HTML 5 Forms and JavaScript

A number of the proposed additions to HTML offered by HTML 5 relate to forms. Some of these add missing form field types that are commonly available with forms on other platforms but which were only able to be implemented on the web using JavaScript. Other additions include attributes to make validating forms easier (without needing JavaScript) and to offer other form functionality that was only previously available through JavaScript. Basically the HTML 5 changes to forms reduces or completely removes the need to have JavaScript associated with forms. This is a good thing and is the part of the HTML 5 changes that I personally think is the most useful.

The problem with using JavaScript with forms is that not everyone has JavaScript enabled but everyone needs to be able to use forms. Having the form able to function properly and be validated in the browser without needing JavaScript means that those without JavaScript are still able to use the form in the same way as those with JavaScript. It also makes for more standard functioning of forms since a JavaScript solution needs to be custom written for each form and so the way that one form works and the way that another form for the same purpose works may be completely different where the functionality and validation is built using JavaScript. With HTML 5 both forms would use the same attributes with the same values to implement the same functionality and validation and so both would behave the same way.

Note that the new HTML does not do away with the need for the server side validation of the form. This remains just as important as any client side validation can be bypassed. Someone could replicate the form on their own computer, remove all the attributes that validate the form in the browser and then enter whatever they like before submitting the form. Even if you manage to restrict where the form can be submitted from to ensure they are using the copy on your site they can run JavaScript attached to their browser that modifies the content of the HTML in the web page to strip out the attributes from the form so as to be able to submit whatever they like. The new HTML 5 form field validation is no more a substitute for server side validation than JavaScript is, the main benefit is that it is easier to apply (you don't need to use JavaScript to do it) and anyone whose browser supports HTML 5 will have it apply even if they don't have JavaScript enabled.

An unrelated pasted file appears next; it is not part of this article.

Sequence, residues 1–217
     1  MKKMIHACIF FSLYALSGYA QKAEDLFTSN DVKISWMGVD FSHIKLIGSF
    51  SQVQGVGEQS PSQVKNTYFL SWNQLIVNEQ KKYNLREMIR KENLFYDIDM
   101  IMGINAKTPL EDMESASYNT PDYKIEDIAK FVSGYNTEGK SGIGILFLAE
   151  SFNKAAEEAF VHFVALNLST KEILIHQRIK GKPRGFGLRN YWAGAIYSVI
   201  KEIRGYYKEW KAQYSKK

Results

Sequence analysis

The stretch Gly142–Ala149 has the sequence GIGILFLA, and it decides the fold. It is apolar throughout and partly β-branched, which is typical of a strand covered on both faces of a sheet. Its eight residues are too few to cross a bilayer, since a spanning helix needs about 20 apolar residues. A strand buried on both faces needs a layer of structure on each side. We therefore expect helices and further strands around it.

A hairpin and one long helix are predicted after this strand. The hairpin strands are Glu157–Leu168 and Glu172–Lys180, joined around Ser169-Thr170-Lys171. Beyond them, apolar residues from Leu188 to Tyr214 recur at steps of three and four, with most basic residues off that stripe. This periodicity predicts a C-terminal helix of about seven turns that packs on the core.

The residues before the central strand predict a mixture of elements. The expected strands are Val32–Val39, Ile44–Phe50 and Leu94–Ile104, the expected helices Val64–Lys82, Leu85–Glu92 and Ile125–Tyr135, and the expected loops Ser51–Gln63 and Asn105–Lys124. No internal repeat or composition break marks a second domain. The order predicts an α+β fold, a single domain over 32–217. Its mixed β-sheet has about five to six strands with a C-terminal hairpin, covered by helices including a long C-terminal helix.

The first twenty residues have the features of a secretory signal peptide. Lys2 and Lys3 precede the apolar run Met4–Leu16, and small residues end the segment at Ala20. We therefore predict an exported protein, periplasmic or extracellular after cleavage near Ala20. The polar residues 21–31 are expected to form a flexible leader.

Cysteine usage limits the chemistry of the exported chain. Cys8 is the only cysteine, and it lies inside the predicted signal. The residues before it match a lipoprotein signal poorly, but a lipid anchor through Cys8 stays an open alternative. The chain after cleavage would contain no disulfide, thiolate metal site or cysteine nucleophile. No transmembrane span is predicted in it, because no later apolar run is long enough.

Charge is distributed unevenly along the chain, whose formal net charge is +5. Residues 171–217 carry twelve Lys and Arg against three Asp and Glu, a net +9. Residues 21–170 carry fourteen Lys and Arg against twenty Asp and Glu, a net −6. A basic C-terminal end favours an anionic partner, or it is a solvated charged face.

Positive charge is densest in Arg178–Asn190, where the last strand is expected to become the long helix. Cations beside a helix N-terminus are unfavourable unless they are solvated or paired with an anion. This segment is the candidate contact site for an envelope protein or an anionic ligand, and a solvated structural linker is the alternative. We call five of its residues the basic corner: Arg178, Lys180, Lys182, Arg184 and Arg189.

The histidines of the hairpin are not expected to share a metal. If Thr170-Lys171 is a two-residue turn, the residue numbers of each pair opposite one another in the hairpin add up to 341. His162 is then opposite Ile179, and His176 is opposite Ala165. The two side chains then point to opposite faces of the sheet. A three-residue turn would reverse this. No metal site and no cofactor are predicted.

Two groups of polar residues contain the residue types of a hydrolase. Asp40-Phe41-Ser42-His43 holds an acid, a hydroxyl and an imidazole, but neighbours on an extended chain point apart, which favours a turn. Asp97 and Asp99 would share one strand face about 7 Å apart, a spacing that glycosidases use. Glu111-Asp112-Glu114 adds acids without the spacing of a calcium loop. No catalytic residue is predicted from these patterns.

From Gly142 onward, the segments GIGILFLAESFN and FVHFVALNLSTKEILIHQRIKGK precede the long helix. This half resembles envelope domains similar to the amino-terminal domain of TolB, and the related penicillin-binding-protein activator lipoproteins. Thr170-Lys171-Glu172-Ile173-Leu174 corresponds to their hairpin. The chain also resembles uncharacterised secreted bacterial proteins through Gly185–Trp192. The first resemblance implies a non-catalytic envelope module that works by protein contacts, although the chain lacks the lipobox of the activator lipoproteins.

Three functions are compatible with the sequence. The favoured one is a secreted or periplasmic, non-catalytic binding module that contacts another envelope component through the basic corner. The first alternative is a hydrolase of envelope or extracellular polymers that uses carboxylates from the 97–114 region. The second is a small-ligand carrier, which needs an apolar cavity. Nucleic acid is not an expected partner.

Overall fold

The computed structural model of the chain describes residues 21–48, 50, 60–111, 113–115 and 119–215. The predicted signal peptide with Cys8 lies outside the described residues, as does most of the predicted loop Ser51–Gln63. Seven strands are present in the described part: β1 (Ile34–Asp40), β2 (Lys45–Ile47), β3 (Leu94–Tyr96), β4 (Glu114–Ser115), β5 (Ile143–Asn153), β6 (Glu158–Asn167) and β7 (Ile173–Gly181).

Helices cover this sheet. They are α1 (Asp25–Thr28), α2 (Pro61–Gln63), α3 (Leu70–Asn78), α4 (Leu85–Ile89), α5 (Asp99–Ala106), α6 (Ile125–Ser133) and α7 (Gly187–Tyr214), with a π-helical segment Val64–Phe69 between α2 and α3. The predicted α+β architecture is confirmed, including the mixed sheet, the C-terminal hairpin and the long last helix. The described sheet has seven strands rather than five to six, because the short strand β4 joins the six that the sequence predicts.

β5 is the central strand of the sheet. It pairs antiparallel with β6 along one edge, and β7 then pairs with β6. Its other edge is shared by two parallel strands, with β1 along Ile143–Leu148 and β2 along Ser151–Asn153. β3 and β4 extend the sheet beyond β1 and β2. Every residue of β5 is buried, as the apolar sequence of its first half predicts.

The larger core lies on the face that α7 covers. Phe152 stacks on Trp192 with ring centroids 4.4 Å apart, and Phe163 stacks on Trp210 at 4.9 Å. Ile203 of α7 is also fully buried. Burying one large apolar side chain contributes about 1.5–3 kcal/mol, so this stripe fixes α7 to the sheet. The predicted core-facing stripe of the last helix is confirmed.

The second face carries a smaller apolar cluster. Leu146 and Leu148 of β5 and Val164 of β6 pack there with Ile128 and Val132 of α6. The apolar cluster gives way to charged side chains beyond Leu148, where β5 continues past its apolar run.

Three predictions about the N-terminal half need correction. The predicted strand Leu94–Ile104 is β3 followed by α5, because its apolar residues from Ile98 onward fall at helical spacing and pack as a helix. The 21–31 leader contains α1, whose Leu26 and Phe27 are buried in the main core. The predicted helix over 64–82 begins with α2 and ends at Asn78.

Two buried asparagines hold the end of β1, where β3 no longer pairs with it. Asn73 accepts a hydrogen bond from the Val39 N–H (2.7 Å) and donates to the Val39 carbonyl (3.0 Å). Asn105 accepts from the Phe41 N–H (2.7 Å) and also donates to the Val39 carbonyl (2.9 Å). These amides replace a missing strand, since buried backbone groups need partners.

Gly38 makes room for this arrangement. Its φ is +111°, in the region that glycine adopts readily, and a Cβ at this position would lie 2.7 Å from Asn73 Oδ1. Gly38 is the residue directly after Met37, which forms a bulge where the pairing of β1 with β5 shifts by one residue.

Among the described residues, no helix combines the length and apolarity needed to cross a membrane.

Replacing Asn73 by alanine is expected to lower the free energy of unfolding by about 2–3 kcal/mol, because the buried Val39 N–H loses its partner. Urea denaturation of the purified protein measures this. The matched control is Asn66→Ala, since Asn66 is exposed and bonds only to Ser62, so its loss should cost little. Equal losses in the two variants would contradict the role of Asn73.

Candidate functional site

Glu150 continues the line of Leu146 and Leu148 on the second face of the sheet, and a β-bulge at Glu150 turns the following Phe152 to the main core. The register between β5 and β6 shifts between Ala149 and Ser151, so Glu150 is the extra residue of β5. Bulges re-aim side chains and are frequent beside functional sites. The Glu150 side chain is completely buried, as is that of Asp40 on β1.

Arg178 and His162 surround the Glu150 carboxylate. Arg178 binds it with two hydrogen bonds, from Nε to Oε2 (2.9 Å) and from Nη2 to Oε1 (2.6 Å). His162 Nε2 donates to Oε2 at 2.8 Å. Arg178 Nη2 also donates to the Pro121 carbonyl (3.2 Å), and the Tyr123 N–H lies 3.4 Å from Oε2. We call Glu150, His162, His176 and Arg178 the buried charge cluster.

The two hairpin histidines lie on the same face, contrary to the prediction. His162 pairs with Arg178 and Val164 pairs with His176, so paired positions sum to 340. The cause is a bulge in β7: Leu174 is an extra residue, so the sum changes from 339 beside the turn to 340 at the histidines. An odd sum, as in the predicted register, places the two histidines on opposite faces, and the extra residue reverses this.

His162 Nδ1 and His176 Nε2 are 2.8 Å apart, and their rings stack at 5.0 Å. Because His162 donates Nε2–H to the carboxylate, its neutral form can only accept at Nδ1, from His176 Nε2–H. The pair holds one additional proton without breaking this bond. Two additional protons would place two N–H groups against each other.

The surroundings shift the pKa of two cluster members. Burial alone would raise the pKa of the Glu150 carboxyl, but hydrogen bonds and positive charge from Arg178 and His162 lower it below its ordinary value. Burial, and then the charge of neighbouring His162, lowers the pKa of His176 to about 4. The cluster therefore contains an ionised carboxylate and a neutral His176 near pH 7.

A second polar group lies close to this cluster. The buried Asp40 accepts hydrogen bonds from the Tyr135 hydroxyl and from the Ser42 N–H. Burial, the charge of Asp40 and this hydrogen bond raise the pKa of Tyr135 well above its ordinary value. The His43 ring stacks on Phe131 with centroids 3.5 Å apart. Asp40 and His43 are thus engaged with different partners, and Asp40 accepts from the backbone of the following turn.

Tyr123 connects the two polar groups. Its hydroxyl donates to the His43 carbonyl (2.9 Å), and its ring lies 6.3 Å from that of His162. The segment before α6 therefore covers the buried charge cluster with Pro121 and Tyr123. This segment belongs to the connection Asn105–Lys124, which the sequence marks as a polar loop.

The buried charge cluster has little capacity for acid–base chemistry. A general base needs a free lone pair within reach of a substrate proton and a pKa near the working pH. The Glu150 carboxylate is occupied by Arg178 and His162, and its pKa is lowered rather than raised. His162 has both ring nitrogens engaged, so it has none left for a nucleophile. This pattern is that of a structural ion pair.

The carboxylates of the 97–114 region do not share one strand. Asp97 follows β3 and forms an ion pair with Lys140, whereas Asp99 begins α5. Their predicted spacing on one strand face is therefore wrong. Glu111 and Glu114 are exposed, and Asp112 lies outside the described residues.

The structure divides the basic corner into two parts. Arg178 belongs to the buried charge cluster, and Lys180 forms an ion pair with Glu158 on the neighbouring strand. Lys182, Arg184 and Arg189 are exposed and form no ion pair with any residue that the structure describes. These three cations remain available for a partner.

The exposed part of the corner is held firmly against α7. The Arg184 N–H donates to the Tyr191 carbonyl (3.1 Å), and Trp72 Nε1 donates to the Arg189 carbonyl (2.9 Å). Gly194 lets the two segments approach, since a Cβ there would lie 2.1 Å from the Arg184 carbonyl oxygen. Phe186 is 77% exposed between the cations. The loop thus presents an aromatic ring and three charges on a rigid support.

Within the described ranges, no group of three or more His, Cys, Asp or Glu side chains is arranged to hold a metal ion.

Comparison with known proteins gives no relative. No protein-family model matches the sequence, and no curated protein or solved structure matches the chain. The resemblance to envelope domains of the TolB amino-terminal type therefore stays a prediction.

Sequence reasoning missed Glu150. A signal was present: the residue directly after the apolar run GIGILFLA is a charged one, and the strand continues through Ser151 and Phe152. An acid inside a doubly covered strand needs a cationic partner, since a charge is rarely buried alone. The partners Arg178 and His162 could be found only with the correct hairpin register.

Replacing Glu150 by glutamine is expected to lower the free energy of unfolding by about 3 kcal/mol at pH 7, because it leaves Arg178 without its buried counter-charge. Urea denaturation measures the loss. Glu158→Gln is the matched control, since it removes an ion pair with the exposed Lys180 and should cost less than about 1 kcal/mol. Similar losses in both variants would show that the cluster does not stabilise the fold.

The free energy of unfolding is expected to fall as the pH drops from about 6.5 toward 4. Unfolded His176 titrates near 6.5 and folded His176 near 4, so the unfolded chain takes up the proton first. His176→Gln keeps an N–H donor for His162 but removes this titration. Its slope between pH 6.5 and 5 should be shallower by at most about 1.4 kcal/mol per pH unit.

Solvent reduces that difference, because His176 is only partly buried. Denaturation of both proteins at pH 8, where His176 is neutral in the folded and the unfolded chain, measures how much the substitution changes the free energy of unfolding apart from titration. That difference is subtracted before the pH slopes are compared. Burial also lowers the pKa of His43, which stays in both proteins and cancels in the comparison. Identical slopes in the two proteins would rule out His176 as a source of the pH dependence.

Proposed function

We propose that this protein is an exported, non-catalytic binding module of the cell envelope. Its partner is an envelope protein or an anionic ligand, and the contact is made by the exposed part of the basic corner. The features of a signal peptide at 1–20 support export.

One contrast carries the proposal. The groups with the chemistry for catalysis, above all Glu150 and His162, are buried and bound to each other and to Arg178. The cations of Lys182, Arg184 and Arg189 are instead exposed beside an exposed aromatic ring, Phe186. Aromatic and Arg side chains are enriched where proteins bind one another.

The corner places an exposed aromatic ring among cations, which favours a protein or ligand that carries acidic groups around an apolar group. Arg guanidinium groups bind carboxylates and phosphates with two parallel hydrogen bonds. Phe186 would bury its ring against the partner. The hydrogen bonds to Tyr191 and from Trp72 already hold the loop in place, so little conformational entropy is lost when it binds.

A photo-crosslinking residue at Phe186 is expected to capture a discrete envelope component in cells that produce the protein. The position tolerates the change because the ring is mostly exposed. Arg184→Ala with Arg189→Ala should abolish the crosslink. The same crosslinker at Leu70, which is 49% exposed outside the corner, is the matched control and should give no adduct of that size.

The most obvious form field omitted from HTML when forms were first added is the combobox. HTML 5 has now added this form field via the list attribute in a regular type-"text" input field and the addition of a datalist with an id that the list attribute references to link them together as well as option tags to define all of the predefined options for the combobox. Prior to HTML 5 if you wanted a combobox the only way to create one was to use JavaScript.

Some of the new form field types (such as type="email" and type="url" look exactly like regular text inputs in web browsers running on the computer. On mobile devices they behave differently than regular text inputs because they provide custom versions of the virtual keyboard that contains those characters most likely to be needed in those fields. The big benefit in all cases though is that the field can be validated correctly without needing JavaScript and so the correct validation of those fields can be applied without needing huge JavaScript code to do it (see the textarea part way down my email address validation page for the regular expression that you'd need to provide an equivalent email validation without the new HTML 5 field type).

The new type="number" form field not only displays a custom virtual keyboard on mobile devices, it also allows min, max and step attributes to be specified that define the range of valid numbers that the field can contain so as to properly define what numbers are valid in the field making JavaScript validation unnecessary. In some browsers it even displays differently as a spinbox instead of a text field so that the value can be selected by clicking on the up and down arrows rather than by typing. Even though JavaScript is not needed to validate the field you can still interact with the field from JavaScript when you need to with additional methods being available for changing the value in the field - using stepUp() and stepDown() - as well as being able to access the content as a number instead of as a string using the valueAsNu8mber property. The type="range" works exactly the same as type="number" except that it displays as a slider rather than as a spinbox.